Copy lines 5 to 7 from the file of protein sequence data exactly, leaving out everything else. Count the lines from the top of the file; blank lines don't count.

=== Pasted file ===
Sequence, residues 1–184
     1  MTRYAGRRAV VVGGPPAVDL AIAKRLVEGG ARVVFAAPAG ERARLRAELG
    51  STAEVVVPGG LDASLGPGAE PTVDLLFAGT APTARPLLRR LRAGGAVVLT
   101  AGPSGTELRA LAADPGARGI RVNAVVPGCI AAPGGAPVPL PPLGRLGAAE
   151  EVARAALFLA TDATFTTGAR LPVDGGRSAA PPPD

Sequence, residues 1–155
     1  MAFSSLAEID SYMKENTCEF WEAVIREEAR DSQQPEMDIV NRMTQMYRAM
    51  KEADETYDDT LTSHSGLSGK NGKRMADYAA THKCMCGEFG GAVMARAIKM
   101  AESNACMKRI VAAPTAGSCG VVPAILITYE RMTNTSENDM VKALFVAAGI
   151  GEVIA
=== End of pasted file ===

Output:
   151  EVARAALFLA TDATFTTGAR LPVDGGRSAA PPPD

Sequence, residues 1–155
     1  MAFSSLAEID SYMKENTCEF WEAVIREEAR DSQQPEMDIV NRMTQMYRAM